Today, of course, all that has changed. Coats and ties have gone the way of Nineveh and Tyre. Yale has been coed fifty years. Today’s students are typically left-wing snowflakes, thoroughly indoctrinated in intersectionality and the politics of identity. The process of removing Cockney-Flower-Girl mobility-limiting speech habits, poor grooming, and inappropriate forms of dress must still go on, but the process of sanding down rough edges must take place highly diplomatically and with great care. The former devastating quip has, I expect, been replaced with a minutely raised eyebrow. In the case of the most protected castes of students, I suppose, that process may not go on at all.

24 Feb 2018

Teachers Were Armed in My Day

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They had rulers.

24 Feb 2018

Harvard Gets a New President

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Minding the Campus explains that Harvard is following the example of most elite colleges these days by putting in charge the sort of guy who will reliably cave in to the demands of crazy leftist radicals every time.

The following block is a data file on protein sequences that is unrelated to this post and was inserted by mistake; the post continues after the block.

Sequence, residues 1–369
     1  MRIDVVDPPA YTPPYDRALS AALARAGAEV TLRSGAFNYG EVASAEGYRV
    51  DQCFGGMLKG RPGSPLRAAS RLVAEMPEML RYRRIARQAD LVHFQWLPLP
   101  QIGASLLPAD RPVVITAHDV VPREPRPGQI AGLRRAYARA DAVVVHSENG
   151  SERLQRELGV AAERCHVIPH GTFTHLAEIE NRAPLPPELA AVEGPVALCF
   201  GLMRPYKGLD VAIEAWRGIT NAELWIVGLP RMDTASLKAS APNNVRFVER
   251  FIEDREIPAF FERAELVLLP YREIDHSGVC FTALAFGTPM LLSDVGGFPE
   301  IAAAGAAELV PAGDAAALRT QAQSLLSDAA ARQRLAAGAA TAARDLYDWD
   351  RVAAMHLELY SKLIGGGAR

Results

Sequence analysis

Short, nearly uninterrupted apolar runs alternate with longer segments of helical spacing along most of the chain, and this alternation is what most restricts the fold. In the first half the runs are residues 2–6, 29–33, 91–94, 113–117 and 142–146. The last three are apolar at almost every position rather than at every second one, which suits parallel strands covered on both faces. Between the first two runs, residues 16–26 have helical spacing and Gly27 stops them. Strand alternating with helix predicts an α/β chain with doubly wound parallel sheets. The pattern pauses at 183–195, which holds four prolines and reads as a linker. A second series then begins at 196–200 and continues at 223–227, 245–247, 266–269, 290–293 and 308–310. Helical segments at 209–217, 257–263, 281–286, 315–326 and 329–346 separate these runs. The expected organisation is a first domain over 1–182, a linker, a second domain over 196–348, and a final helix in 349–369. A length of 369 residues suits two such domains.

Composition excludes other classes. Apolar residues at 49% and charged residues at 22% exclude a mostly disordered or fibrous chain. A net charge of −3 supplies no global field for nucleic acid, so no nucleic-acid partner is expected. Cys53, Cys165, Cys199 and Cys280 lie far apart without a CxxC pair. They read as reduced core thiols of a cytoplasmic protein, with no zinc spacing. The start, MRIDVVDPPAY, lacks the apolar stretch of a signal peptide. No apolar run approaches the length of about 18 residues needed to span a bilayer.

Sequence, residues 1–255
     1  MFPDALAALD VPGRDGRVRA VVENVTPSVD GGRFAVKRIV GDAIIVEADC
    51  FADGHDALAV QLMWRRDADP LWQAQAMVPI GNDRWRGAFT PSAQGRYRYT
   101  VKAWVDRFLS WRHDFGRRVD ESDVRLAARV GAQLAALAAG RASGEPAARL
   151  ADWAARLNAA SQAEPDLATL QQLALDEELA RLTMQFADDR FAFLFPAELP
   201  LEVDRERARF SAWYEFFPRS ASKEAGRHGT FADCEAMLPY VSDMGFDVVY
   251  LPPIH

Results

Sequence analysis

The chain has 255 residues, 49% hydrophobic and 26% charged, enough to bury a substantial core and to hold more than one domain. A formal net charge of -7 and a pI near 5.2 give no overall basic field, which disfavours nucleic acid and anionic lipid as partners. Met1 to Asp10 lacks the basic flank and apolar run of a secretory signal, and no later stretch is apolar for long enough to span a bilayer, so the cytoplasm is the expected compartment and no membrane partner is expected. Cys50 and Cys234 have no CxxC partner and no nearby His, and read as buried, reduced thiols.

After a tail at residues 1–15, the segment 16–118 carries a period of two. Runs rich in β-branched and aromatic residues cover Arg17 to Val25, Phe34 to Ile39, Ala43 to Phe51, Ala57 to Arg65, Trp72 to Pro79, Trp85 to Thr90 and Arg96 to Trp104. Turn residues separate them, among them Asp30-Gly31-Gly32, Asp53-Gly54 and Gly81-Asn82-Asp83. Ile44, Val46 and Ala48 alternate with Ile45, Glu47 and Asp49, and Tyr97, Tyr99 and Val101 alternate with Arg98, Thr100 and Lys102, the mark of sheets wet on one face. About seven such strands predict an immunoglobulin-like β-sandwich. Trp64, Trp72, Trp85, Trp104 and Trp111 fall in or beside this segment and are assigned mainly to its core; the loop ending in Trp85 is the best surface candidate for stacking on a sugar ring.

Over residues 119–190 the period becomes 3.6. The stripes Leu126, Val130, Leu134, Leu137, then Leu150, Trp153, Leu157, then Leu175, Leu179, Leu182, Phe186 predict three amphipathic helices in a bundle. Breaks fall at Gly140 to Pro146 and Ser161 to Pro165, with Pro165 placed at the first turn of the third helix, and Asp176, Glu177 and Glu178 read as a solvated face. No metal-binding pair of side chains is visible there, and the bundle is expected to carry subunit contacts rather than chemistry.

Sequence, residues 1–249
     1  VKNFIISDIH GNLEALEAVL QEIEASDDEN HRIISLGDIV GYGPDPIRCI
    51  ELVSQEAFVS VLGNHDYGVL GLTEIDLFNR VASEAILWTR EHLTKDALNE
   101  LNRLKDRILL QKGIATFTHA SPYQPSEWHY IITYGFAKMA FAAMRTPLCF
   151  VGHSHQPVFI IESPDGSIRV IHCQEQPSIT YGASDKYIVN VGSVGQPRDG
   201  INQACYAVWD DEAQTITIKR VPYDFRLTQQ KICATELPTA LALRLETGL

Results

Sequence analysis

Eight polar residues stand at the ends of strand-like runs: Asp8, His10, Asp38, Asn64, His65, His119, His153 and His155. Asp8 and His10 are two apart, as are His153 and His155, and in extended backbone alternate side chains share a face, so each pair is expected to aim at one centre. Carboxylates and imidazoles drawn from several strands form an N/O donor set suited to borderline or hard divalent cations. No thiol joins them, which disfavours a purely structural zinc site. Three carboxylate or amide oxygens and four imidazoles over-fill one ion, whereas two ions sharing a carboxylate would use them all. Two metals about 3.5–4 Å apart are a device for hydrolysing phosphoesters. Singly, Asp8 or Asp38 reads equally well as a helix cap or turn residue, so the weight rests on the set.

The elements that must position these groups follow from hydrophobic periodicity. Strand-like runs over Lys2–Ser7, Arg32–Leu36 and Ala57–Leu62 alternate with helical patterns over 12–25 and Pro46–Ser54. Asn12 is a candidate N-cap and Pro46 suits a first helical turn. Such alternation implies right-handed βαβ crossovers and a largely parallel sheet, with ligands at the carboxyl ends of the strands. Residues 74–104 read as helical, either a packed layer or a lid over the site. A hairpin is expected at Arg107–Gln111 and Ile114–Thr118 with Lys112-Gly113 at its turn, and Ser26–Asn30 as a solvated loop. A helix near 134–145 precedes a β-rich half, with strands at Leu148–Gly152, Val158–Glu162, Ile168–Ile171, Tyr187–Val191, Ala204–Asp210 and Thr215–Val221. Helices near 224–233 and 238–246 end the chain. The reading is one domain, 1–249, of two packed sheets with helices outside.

Lawrence Bacow has been named the president of Harvard, succeeding Drew Gilpin Faust, who held the office for 11 years.

Mysteriously missing from the news coverage was the fact that Bacow was a 2007 finalist for the “Sheldon,” our coveted award for worst college president of the year. The award is a statuette that looks something like the Oscar, except the Oscar features a man with no face looking straight ahead, whereas the Sheldon shows a man with no spine looking the other way.

The award is named for the late Sheldon Hackney, the former president of the University of Pennsylvania and the Babe Ruth of modern Sheldonism.

As president of Tufts University, Lawrence Bacow looked the other way when a student-faculty committee put a conservative Tufts publication on trial and found it guilty for publishing two parodies. One was a mock Christmas carol making fun of affirmative action and the other was a satire of Tuft’s Islamic Awareness Week.

The committee accused the journal of causing “embarrassment, which we had thought was the entire purpose of satire. The committee ordered the publication not to run any unsigned articles in the future, a rule not applied to other campus publications. The committee also hinted that funding would be cut if other controversial articles were published.